Ray Caesar is one of the most notable digital artists of our time. He is also the mind behind some of the most disturbing surrealist art. He is a Toronto-based artist with works that have been in high demand over the past decade. Caesar is unapologetic about being a digital artist in an art world that sometimes sneers at using the computer for creating fine-art.
Caesar’s portraits usually include abnormality and fantasy in a dismal setting of sexual suggestions. His works captivate some and turn others away. Onlookers have described his work as both grotesque and beautiful at the same time. Besides being a gifted dream-weaver, he is without a doubt one of the most influential surrealist artists of our day.
Originally built as a public bathhouse in the 19th century, Les Bains-Douches would eventually be reborn as one of the hottest night clubs in Paris known simply as Les Bains, a destination for celebrities including Mick Jagger, Johnny Depp and Andy Warhol.
After some second rate re-construction in 2010, the building was closed down and considered a safety hazard. Buildings in France are rarely torn down, so it will however be gutted and be completely rebuilt on the interior. The owner Jean-Pierre Marois, turned the building over to 50 street artists who have been working since January to turn the building into an extensive display of artwork.
Unfortunately the former nightclub is closed to the public, but photographers were allowed in to shoot many of the artworks in progress. Shown here is just a small selection, go to Les Bains “One Day One Artist” to see more of what was captured.
Absinthe with it’s natural green color has been referred to as the Green Fairy. This anise-flavoured spirit is made from the flowers and leaves of wormwood, green anise, sweet fennel and other herbs, and because of it’s high alcohol level is normally diluted with water. With a slightly bitter taste, it is often poured into a glass of water over a sugar cube on a perforated spoon, some of which were elaborately designed for this purpose.
Absinthe was said to be both a narcotic and an aphrodisiac. It was adopted by the bohemian Parisian culture of authors and artists who claimed that it stimulated creativity. Absinthe’s legends caused it to be banned in most of Europe and North America. It took nearly a century before it’s reputation could be restored. In 1988, France lifted its ban on absinthe, but it wasn’t marketed under its real name again until 1998. Studies have proven that the ingredients have never been hallucinogenic, but it’s effects were due to the fact that it is 140 proof. Absinthe doesn’t come cheap, priced at about seventy dollars a bottle. Absinthe’s long past is the stuff of legend whether true or not.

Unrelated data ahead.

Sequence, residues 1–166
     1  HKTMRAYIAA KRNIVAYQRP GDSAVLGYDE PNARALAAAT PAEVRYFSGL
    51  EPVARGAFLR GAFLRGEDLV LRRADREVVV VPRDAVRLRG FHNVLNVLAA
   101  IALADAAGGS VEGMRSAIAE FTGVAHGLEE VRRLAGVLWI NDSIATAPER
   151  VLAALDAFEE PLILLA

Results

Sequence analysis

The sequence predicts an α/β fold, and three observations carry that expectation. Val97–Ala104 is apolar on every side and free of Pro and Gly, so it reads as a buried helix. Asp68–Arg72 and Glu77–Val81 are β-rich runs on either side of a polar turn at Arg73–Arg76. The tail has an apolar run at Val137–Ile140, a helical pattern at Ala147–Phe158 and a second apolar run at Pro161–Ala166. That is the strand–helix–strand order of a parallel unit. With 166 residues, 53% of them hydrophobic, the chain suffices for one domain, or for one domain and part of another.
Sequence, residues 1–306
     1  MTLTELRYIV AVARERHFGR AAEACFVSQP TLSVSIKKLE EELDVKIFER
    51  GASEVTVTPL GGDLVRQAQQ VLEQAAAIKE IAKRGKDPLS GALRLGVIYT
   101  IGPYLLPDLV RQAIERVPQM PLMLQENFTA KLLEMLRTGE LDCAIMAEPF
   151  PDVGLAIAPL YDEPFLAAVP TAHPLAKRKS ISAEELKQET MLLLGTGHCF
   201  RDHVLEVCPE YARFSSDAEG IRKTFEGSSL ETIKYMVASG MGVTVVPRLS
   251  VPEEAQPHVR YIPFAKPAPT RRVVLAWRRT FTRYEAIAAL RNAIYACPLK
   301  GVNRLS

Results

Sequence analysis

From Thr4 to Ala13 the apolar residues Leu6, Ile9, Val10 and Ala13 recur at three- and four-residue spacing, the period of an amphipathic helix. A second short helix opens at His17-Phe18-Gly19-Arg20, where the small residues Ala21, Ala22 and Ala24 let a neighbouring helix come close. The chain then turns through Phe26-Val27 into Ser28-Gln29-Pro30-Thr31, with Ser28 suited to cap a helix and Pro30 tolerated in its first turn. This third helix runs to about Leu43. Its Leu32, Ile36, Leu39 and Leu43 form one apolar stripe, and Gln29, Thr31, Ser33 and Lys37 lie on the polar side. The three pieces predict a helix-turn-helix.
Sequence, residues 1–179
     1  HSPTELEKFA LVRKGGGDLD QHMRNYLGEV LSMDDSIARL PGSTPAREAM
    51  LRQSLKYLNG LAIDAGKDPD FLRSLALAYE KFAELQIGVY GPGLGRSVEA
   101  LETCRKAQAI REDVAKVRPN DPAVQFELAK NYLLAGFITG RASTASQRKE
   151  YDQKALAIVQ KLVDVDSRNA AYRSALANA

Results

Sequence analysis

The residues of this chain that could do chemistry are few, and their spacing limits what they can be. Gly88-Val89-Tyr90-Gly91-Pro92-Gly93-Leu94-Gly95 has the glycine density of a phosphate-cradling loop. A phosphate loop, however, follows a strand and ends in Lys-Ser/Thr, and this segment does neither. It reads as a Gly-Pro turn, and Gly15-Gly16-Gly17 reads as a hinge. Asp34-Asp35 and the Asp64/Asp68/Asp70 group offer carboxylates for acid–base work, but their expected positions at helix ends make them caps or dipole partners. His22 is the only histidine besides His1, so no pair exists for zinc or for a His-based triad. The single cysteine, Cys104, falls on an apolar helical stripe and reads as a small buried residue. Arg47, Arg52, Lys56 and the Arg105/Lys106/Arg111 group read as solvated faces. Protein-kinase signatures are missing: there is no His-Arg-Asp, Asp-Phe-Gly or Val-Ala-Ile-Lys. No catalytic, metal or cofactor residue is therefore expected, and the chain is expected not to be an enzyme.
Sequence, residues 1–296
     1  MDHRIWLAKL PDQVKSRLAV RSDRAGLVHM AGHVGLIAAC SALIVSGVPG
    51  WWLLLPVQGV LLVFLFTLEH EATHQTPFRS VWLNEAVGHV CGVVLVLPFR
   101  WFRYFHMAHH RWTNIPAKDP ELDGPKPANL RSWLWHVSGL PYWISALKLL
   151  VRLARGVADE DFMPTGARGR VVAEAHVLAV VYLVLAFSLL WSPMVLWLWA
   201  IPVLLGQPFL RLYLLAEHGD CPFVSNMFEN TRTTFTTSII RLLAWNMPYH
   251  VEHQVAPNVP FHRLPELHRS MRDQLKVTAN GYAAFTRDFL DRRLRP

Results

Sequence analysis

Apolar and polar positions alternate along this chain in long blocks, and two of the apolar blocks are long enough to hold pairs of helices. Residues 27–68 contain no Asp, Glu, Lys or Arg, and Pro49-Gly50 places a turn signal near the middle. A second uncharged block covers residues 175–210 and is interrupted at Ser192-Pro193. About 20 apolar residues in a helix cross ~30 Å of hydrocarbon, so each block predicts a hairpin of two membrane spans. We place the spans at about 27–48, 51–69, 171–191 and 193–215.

Based on the fairy tales of famous writers like Hans Christian Andersen, Russian artist Svetlana Kolosova paints works of art on the palm of her hand.
Svetlana Kolosova has always has always appreciated the arts, but taking care of her children and running a household left her little time to concentrate on her passion. Without the time to work on detailed oil paintings, she replaced oil paint for watercolors and inspired by the stories she had read to her children, she started painting fairy tale-inspired artworks on the most convenient canvas she could think of – her left palm. Except through photography these images are short lived. As of yet no original palm paintings have been sold.
The perfect stress reliever. Bubble wrap exists so that people can pop them. Suprisingly there is another thing you can do with it: make art. Bradley Hart, has taken packing material to an entirely new level. Originally he painted discarded materials with the exterior of bubble wrap creating abstract artworks, his newest pieces have him injecting each bubble with paint.
Hart’s newest works are unusual in the way that each bubble is used as an individual pixel. Like using colored tiles, but instead injecting each bubble with paint to create an image. There is one of Steve Jobs, and another of a street scene in Amsterdam. Each image when complete, is made up of shiny bubbles of color.
Hart’s work transforms consumerism into contemporary art, while doing so gives us a new way in which to view the time we live in.